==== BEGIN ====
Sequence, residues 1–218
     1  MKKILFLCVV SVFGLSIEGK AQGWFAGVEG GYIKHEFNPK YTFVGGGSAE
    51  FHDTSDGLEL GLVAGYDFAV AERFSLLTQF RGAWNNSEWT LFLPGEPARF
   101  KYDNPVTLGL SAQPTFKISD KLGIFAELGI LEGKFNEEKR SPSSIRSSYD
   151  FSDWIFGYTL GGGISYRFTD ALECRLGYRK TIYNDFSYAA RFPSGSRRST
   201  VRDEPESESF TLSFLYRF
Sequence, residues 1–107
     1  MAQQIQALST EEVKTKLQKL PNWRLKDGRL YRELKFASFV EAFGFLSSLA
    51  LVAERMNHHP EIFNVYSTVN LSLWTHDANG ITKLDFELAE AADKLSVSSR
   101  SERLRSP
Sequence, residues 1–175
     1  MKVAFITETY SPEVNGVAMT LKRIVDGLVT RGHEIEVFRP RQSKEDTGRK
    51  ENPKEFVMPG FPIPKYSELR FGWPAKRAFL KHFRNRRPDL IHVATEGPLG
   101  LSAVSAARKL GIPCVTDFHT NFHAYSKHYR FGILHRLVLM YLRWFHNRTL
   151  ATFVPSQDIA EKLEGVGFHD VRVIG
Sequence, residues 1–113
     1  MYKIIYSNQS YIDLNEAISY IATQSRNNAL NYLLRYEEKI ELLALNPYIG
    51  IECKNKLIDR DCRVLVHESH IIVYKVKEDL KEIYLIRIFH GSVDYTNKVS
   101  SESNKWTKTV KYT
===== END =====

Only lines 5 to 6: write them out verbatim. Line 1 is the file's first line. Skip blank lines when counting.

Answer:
   151  FSDWIFGYTL GGGISYRFTD ALECRLGYRK TIYNDFSYAA RFPSGSRRST
   201  VRDEPESESF TLSFLYRF